Of other challenges that President Thein Sein is facing include ethnic conflict, and release of political prisoners. Both issues were taken up by Hillary Clinton. Ethnic conflicts go back six decades, and is crying for a resolution. The issue of political prisoners can be resolved soon as most have been released and the rest about 300 are being assessed.
Myanmar has emerged as a country of strategic importance as the global focus turns on Asia. It is rich in natural resources including much sought after oil and gas. It also juts into the Indian Ocean a very strategic point.
Myanmar’s strategic importance to China is immense. Oil, gas and electricity from Myanmar has been China’s quest. China is also building oil and gas pipe lines from Myanmar’s coast to its Yunan province so that its hydrocarbon through the Indian Ocean does not have to traverse through the Malacca strait. It is also a proposed road way to Indian Ocean and to Bangladesh.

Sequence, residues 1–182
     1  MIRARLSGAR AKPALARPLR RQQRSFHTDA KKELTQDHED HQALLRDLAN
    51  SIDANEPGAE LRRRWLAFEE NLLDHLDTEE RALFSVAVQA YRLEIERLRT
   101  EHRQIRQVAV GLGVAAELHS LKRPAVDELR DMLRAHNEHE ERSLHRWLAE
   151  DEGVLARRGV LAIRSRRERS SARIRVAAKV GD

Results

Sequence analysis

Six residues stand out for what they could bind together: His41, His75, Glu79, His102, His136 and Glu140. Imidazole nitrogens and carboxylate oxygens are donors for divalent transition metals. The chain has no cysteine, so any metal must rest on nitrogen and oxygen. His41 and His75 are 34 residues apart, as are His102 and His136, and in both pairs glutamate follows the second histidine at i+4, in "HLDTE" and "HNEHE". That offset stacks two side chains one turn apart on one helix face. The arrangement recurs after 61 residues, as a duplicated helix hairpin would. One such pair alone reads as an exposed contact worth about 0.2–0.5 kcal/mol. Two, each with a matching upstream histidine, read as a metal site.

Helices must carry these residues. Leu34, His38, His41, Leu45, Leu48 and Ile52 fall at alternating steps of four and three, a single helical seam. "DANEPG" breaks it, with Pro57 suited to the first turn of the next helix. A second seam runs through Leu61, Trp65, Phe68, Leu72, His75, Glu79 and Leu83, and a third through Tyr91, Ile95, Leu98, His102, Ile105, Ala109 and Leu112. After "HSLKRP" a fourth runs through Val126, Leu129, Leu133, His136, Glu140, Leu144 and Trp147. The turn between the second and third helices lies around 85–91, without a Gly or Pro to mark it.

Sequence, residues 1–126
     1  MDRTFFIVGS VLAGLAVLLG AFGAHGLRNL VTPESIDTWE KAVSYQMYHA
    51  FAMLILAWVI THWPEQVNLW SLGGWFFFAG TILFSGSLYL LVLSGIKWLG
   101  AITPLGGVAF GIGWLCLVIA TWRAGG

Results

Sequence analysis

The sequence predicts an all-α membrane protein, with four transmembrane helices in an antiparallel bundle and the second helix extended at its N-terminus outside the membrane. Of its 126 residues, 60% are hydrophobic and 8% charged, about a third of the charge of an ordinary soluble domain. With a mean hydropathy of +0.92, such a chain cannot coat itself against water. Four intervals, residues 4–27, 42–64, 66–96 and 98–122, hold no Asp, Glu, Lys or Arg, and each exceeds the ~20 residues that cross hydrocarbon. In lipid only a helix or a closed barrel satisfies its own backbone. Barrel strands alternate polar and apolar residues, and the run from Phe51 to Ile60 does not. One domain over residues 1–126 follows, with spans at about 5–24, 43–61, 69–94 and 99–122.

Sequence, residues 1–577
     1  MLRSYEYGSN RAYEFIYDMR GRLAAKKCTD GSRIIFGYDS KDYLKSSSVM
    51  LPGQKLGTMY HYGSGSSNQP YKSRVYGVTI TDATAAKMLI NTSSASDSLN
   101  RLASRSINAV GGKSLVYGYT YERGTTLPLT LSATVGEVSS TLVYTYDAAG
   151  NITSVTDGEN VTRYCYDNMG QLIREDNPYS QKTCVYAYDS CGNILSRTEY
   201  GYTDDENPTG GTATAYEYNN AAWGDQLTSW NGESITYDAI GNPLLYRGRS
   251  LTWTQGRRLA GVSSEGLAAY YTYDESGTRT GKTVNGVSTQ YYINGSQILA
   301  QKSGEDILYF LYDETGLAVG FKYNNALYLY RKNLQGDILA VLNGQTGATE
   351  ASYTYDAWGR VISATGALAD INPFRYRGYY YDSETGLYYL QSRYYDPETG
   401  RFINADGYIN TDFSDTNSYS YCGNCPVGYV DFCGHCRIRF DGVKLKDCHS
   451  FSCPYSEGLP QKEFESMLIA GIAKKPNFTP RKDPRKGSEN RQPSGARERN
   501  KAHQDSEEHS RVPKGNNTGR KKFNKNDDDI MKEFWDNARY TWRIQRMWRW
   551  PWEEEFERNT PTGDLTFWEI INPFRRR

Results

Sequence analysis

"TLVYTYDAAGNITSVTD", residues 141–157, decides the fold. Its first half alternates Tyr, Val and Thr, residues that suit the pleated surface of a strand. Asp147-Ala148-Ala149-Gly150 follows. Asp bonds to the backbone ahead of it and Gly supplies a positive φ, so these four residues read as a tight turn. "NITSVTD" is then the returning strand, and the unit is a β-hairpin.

As a member of the ASEAN, Myanmar is both a challenge and opportunity for this grouping. Almost all ASEAN members went way forward to encourage the Naypyidaw junta towards democracy and opening up to the outside world.
While the USA saw Myanmar as dictatorship and a cauldron of human rights abuses, this really was lesser of the interests. More important reasons included China’s grip on Myanmar, Myanmar’s relations with North Korea especially suspected nuclear co-operation, and Myanmar’s role in the region under these conditions. Both China and the US have said that they have no reason to clash in Myanmar. But truth is otherwise. China has invested substantially in this country over the last three decades and they are not prepared to lose. The US has spent a lot of efforts over these same decades to turn the same country in the direction of its choice.
It would have to be seen how resistant is President Thein Sein and his team is. There is an imperative need for the army backed government and Aung San Suu Kyi and the democratic forces at her command to work together. Too many squabbles between the two sides could derail the train.
(The writer, Mr.Bhaskar Roy, is an eminent China analyst based in New Delhi; Email:email@example.com)